I do remember racial conflicts in the town itself. I remember that going to the public pool became problematic after black children started going there. I remember that older kids, who were in grades that were supposed to go to school in the black side of town were sent to private school for those grades and then back to public school when they reached a grade where they went to school in the white side of town. I remember that there were sides of town divided by race.
We had a dog, a German Shepherd mix named Rex. We lived in the middle of town, and our dog ran loose. We didn’t know about leash laws then. Rex wandered the town, and that was just accepted. But then one day he went to the movie theater and stood at the door blocking black kids from entering. Someone called my father. He got the dog and brought him home. It didn’t cause an outcry. It just happened. It’s a story that was told around town as a joke. What can be funny, we wonder now, about a town in which racial divisions are so obvious the dog thinks it’s his job to enforce them? People didn’t ask that then. They told the story and laughed. Sometimes they speculated that the dog may have had a bad experience with a particular black person he was trying to keep out of the movie theater, but ultimately they just told the story and laughed.
It was only a joke. We gloss over so much with humor.
Later, I did encounter children with distinctly racist attitudes, but I didn’t meet them through school. I met them through church. One kid in particular believed that white people came from Adam and Eve and black people came from apes. Her parents taught her this. When she repeated it to me and my brother, we did what any self-respecting public school kids would have done. We mocked her shamelessly. Maybe we said the S word. The upshot of it was we were the ones who got in trouble, not for believing she was wrong, but for telling her so to her face in a way that had her running to her parents.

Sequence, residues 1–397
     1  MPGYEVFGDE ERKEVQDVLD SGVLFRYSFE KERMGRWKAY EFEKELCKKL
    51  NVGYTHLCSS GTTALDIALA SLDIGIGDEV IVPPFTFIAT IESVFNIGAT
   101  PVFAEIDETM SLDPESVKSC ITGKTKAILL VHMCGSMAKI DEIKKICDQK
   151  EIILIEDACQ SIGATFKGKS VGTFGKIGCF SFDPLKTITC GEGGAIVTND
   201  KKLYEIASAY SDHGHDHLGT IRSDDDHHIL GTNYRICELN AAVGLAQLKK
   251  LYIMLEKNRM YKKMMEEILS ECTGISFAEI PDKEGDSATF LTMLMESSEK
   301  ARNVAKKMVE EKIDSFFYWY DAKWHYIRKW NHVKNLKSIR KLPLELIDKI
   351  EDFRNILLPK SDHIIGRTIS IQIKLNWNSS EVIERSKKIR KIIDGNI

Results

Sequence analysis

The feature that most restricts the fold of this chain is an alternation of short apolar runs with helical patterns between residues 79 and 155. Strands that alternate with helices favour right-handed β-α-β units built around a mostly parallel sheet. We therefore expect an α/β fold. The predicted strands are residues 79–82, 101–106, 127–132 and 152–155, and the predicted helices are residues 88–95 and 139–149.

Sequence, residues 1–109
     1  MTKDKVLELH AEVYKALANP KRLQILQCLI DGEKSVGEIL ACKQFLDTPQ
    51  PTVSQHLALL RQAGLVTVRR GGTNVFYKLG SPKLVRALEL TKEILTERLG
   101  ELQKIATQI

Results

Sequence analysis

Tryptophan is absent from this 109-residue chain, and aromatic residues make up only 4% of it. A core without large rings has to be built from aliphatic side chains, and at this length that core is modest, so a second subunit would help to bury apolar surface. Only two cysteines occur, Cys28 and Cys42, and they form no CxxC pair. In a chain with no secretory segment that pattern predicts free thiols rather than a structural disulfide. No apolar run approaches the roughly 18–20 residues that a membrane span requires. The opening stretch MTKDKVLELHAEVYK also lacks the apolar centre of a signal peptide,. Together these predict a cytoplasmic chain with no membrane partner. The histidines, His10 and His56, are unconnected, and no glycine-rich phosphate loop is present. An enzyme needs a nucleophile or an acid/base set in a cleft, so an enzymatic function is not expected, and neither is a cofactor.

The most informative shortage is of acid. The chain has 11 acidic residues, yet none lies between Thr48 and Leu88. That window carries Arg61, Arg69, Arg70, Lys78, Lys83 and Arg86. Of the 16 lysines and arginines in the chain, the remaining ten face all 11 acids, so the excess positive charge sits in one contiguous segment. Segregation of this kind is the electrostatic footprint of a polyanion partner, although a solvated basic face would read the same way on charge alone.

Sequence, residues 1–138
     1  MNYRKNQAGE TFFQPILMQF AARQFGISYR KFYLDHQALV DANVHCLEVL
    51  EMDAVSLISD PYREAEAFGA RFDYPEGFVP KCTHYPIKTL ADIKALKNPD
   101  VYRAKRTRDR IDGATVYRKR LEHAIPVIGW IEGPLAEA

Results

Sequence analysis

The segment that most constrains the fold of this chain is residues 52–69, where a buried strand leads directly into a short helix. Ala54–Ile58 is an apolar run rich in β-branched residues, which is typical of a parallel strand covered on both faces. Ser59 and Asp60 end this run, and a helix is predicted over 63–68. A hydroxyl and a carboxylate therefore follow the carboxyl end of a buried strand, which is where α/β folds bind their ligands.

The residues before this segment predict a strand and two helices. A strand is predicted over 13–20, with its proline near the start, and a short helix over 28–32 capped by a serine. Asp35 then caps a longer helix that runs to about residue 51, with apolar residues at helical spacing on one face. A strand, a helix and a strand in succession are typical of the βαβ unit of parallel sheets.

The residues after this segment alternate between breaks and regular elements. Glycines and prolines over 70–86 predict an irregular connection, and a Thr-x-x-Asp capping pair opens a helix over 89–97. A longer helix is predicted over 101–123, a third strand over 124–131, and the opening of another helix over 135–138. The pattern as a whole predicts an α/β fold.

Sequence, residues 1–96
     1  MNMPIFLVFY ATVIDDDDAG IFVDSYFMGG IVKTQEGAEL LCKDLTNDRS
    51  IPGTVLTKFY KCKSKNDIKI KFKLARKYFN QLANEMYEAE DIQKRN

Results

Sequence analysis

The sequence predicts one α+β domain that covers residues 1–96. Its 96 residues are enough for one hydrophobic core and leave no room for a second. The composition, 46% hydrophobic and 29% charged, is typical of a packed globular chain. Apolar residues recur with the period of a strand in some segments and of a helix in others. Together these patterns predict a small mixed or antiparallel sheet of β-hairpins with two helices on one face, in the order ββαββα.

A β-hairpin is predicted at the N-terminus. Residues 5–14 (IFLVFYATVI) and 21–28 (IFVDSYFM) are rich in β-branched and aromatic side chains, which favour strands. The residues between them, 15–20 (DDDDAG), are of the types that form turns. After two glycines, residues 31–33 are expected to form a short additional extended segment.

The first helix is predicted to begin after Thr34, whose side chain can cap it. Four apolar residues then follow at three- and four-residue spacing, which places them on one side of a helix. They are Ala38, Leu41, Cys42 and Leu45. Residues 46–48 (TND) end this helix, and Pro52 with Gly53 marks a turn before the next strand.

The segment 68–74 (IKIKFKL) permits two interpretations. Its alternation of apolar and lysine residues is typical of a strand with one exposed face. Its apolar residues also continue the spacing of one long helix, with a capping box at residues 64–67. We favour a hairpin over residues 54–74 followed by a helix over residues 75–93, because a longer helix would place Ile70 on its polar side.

I was a teenager before I found out that I had a Choctaw great-great. This was fascinating information to me, much more interesting than claiming to be of Irish decent in Mississippi where everyone I knew had an Irish great-great. What I didn’t understand was why no one had talked about this before. I asked my mother. She had memories of her half-Choctaw grandparent that I did not. She said people just didn’t talk about it because people thought of Indians as dirty.
This wasn’t much deterrent to my fascination. I didn’t know any Indians then, but I did know that I considered her explanation to be a history lesson, not a current affairs lesson. I just thought she meant back during segregation before everybody got smarter about race issues.
Then one day I said to my grandmother that I was proud to be part Choctaw. She said, “The mixing of the races is an abomination of the Lord.” She had Cherokee blood, someone later told me. I don’t even know if that’s true, but I do know that she was hard core on this subject, but at the same time she was a living contradiction. She spoke up for civil rights issues in other places and other contexts. She just had such social/religious blinders on this subject that she didn’t even realize she’d called her own granddaughter an abomination.
Racism just doesn’t always know it’s racist. That’s what makes it so complicated and so damaging. That’s what makes it so hard to overcome.
I won’t say Mississippi is where it needs to be now; neither will I say it isn’t making progress. My hope is for the next generation after mine. The kids who were raised by people who don’t remember segregation. The children of white people from small towns who loved JJ Evans and Michael Jackson and never knew the kind of paranoia and fear that grows out of complete separation. Those are the people who have a chance at least of changing the world…if we give it to them.
There’s so much more I could say, so many more stories I could tell to show both good and bad memories of racial issues in Mississippi. This is where I’ll stop this time, though. I know you know what I mean. I know you too recognize something racist that doesn’t even know that’s what it is.